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                            APPROVAL OF THE APPELLATE DIVISION
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                                                      SUPERIOR COURT OF NEW JERSEY
                                                      APPELLATE DIVISION
                                                      DOCKET NO. A-0890-18T2


                 Argued November 12, 2019 – Decided December 26, 2019

                 Before Judges Ostrer, Vernoia and Susswein.

                 On appeal from the Superior Court of New Jersey,
                 Chancery Division, Middlesex County, Docket No. P-

                 Joel N. Kreizman argued the cause for appellant David
                 Fried (Scarinci & Hollenbeck LLC, attorneys; Joel N.
                 Kreizman, of counsel and on briefs; Kevin M. Foltmer,
                 on briefs).

                 Craig S. Provorny argued the cause for respondent Paul
                 Feinstein (Herold Law PA, attorneys; Craig S.
                 Provorny, of counsel; Brian S. Baum, on the brief).


       David Fried, the stepson of intestate decedent Richard C. Feinstein

(decedent), appeals from an order rejecting his claim that he was equitably
adopted by decedent and thereby entitled to inherit decedent's estate. Based on

our review of the record, we are satisfied Fried failed to allege facts or present

evidence establishing an equitable adoption. We therefore affirm the court's

order finding Fried was not equitably adopted by decedent and determining

decedent's brother, Paul Feinstein (Paul), 1 is the sole beneficiary of decedent's



      This action commenced with Fried's filing of a caveat with the Middlesex

County Surrogate Court, objecting to the grant of any letters of administration

and the probate of any purported will of decedent, who died on May 27, 2018.

Paul later filed a caveat interposing the same objections.

      Paul filed a verified complaint requesting appointment as the

administrator of decedent's estate and an order directing that Fried provide an

accounting and turn over of decedent's property. The complaint asserted that

Paul is decedent's brother; decedent died intestate; and decedent died without a

  Because decedent Richard C. Feinstein and his brother Paul Feinstein share
the same surname, for purposes of clarity we refer to Richard as "decedent" and
Paul Feinstein as "Paul." We intend no disrespect in doing so.
  The court's order included other determinations that are not challenged on
appeal. We affirm the court's order on those determinations as well.
spouse, domestic partner, or any children. Paul asserted that decedent's estate

therefore passed to him pursuant to  N.J.S.A. 3B:5-4. The court entered an order

that in pertinent part required that Fried show cause why an order should not be

entered appointing Paul the administrator of the estate, requiring that Fried

provide an accounting, and granting such other relief the court finds just and


      Fried filed an answer and counterclaim asserting his mother married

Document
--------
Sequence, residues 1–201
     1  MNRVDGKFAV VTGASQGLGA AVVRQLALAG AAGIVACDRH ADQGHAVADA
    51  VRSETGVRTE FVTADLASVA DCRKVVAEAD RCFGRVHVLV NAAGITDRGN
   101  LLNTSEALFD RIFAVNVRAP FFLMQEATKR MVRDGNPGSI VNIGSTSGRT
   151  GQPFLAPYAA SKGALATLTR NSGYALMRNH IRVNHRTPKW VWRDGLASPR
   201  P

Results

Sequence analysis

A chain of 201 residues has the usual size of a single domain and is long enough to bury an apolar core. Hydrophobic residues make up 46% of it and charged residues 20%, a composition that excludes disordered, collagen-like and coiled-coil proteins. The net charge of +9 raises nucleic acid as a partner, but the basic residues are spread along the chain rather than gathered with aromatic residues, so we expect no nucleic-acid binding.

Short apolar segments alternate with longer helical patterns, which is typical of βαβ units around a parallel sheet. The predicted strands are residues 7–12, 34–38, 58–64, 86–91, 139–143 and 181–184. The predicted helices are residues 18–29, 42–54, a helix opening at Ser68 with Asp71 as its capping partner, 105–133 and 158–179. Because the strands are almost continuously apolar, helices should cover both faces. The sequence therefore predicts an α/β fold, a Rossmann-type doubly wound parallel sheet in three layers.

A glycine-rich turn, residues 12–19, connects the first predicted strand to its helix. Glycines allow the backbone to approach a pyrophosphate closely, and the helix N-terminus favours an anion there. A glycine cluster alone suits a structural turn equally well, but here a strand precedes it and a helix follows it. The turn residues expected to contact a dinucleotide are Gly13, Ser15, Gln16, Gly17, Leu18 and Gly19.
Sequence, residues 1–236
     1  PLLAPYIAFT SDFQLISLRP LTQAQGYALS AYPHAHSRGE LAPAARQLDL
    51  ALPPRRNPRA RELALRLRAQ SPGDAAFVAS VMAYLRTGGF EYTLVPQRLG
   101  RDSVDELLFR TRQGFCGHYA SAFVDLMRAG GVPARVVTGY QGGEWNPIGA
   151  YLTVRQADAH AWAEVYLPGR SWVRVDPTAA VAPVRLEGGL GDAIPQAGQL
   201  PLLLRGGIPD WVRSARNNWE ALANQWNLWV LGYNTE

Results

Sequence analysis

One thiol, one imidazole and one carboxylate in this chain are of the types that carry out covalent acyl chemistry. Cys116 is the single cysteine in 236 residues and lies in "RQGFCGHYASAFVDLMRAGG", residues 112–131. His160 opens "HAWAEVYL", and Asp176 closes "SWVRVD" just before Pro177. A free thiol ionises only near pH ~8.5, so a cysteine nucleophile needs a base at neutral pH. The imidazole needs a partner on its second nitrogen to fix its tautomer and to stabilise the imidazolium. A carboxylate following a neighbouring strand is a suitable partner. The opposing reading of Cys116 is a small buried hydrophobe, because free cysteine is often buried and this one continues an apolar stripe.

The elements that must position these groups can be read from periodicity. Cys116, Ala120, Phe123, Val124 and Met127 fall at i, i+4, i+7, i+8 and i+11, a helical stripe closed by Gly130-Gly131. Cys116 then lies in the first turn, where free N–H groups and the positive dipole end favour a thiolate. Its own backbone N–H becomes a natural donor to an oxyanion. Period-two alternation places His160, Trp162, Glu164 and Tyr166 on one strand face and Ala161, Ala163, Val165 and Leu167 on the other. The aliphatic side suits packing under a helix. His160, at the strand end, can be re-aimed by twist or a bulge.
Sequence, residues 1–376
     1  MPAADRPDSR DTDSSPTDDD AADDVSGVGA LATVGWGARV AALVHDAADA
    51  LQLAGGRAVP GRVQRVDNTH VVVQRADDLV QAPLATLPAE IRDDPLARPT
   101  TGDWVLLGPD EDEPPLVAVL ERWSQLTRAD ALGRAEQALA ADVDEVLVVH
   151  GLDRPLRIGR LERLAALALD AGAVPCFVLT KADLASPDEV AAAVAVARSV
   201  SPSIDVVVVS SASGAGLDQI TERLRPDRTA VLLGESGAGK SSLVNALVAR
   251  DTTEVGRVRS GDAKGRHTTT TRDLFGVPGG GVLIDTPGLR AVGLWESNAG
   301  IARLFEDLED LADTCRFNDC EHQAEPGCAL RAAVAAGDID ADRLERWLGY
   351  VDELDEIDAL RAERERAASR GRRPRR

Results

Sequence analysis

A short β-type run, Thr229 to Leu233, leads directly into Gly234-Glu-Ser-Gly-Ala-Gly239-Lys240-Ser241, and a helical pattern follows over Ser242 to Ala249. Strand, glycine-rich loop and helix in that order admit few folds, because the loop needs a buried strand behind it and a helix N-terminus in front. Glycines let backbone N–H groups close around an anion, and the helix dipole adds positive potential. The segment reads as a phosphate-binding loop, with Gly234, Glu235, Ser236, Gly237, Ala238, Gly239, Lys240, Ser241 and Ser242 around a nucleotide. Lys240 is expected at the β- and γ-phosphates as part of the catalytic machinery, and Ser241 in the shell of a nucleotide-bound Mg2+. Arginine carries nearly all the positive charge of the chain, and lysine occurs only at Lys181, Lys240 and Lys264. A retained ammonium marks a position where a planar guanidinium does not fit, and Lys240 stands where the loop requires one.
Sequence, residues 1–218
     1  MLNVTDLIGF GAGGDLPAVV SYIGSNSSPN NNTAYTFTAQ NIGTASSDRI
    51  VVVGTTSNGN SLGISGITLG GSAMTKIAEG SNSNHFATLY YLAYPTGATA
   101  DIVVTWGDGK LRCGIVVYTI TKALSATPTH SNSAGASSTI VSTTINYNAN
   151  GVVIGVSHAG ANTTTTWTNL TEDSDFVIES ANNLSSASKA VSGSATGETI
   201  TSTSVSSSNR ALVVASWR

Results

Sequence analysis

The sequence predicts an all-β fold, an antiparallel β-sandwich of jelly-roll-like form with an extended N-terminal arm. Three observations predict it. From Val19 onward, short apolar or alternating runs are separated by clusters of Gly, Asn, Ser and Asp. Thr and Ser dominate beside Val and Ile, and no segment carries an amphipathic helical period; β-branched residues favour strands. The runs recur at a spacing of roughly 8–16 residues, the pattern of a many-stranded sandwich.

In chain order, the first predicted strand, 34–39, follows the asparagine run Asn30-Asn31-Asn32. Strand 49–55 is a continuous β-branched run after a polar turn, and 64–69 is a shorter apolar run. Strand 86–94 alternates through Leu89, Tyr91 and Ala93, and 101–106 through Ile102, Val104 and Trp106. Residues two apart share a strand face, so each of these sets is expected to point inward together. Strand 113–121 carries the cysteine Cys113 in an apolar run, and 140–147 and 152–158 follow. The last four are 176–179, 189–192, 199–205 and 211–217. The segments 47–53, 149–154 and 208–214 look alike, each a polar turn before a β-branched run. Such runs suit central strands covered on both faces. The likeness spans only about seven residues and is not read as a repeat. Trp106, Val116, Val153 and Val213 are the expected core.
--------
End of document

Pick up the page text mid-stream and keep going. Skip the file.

decedent in 1981 when Fried was three years old, and "[t]hereafter, in all

respects, [decedent] became [Fried's] father and [Fried] became [decedent's]

son." Fried asserted that "[t]he only reason [decedent] did not legally adopt

[Fried] was that [Fried's] birth father refused to acquiesce." Fried also presented

a certification from decedent's cousin, Elaine Giarrusso, stating that decedent

"let [her] [k]now that one day [decedent] expected his Porsche, among other

things, would be" Fried's. Fried claimed he was entitled to inherit decedent's

estate because decedent equitably adopted him. Fried also alleged he acted

solely for the estate's benefit following decedent's death, Paul offered and

provided no assistance with the administration of the estate, and Fried should be

named the estate's administrator.

      Fried further submitted a certification asserting that, following his

mother's and decedent's 1981 marriage, decedent "was the only father [he]

knew." Fried averred that he "barely know[s] his birth father[,]" but that he "was

advised that when [decedent] sought to adopt [him], [his] birth father refused to

acquiesce and therefore the adoption never went through." He also asserted

decedent's and Paul's relationship "was very limited," Paul "live[d] on Long

Island, [and] never came to visit" decedent, and he did not believe Paul and

decedent spoke "more than once or twice a year." Fried also detailed the actions

he took on the estate's behalf following decedent's death and claimed Paul "never

objected and . . . never offered to take over or participate."

      Paul submitted a certification disputing Fried's claim that he was not close

with decedent. Paul explained that since 2000, he and decedent suffered from

serious medical issues, and he underwent many medical procedures, including

amputations, a kidney transplant, and numerous cancer surgeries, and that, as a

result, he and decedent "agreed to speak to each other by telephone rather than

undergo the rigors of travel."     Paul asserted that, nonetheless, during their

telephone conversations he and decedent "were each other's support system,

giving each other advice, encouragement and love through [their] various major

illnesses." Paul stated that decedent never "mention[ed] anything about his step-

son" Fried during their telephone conversations.

       According to Paul, he made decedent's funeral arrangements, and Fried